Frontiers in Pediatrics: Blood volume status in ME/CFS correlates with the presence or absence of orthostatic symptoms (2018) Van Campen et al

Discussion in 'ME/CFS research' started by Kalliope, Nov 1, 2018.

  1. Kalliope

    Kalliope Senior Member (Voting Rights)

    Frontiers in Pediatrics: Blood volume status in CFS/ME correlates with the presence or absence of orthostatic symptoms

    Introduction: Conflicting data have been published on the reduction of circulating blood volume in adults with Myalgic encephalomyelitis/chronic fatigue syndrome (ME/CFS). The aim of the present study was to compare blood volumes based on the presence or absence of orthostatic symptoms.

    Conclusions: Adults with ME/CFS had a significantly lower blood volume if they had a clinical suspicion of OI compared to those without a clinical suspicion of OI, as well as a significantly lower blood volume compared to the expected value. The data suggest that accounting for symptoms of OI could enhance the detection of the subset with reduced blood volume.
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  2. Hoopoe

    Hoopoe Senior Member (Voting Rights)

    The question I have, is the finding of low blood volume a consequence of low activity levels or directly caused by the illness?
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  3. Hutan

    Hutan Moderator Staff Member

    Aotearoa New Zealand
    At 12 participants, it's a really small study, but good on the authors for looking at something basic and useful. They say there have been conflicting data on blood volumes in PwME, unfortunately a 12 participant study is not going to settle the matter once and for all.

    Lots of questions that hopefully the full text will answer. The link says that the paper has been provisionally accepted and that the full paper will be published soon.

    Blood volume comparisons:
    The reference blood volume (presumably equivalent to that of a healthy control) seems to have been 70 ml/kg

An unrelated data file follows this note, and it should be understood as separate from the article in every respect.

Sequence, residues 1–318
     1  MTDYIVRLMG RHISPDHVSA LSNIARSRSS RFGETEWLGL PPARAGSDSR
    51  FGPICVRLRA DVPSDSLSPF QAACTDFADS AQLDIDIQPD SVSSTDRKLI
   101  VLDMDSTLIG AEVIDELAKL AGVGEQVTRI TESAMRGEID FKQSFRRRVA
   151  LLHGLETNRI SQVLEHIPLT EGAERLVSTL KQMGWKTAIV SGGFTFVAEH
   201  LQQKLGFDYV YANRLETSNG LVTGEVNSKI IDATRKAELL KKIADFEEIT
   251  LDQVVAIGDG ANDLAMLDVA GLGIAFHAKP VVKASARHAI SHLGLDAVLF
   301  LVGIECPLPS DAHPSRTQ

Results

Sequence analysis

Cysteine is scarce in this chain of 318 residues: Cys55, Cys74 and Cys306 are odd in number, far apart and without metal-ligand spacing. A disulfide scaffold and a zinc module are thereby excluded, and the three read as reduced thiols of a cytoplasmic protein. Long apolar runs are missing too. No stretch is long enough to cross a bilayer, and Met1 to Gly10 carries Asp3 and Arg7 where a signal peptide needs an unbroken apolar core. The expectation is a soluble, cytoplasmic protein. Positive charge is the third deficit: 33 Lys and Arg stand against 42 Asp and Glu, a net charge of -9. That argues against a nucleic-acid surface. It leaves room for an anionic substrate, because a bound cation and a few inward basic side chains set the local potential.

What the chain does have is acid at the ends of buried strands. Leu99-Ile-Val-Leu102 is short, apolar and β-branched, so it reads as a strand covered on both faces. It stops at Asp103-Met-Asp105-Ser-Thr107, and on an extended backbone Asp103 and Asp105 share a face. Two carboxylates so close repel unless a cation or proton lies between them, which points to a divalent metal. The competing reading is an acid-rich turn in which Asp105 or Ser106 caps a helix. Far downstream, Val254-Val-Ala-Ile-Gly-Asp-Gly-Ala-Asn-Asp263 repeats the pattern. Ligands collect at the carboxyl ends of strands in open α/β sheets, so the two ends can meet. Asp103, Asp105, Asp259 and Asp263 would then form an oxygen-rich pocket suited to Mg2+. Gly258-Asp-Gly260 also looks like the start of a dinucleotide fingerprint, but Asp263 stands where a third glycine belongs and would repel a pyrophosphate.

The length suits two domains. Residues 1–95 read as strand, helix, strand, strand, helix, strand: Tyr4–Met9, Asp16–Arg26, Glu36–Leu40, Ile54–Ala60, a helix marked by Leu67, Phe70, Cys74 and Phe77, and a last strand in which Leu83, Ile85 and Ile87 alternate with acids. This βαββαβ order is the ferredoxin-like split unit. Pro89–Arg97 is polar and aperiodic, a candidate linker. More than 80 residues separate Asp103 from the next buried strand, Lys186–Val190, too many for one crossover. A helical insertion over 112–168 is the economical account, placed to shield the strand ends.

The 12 participants averaged 59 ml/kg
    The 4 participants without OI averaged 66 ml/kg
    The 8 participants with a clinical suspicion of OI averaged 56 ml/kg

    Even with this small sample, differences were significant.

    We really need this study done on lots more PwME, including tracking what happens as soon as people get ME, so that we know when the OI/low blood volume starts. It's not rocket science but I would have thought we need to know this basic stuff.
  4. Sean

    Sean Moderator Staff Member

    Just going on my own experience, it is directly caused by the illness, as OI started straight away for me, it was one of the first symptoms.

    I also simply wasn't inactive enough during the first few months (maybe even years) after onset to induce deconditioning.

    It is one reason why I am so dismissive of the deconditioning claim, at least as a primary feature. It is certainly possible, maybe even probable, that secondary deconditioning occurs. But it also true that it is very difficult for the patient to avoid that happening, or do much about when it does.
    Last edited: Nov 2, 2018
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  5. Ravn

    Ravn Senior Member (Voting Rights)

    Aotearoa New Zealand
    Exactly the same here.
    Then, after a couple of years or so, the fainting stopped and the postural orthostatic tachycardia started.
    If OI and low blood volume are linked, what about POTS and low blood volume?
    I'm speculating that I first got low blood volume, this lead to OI, which finally morphed into POTS as an adaptive response.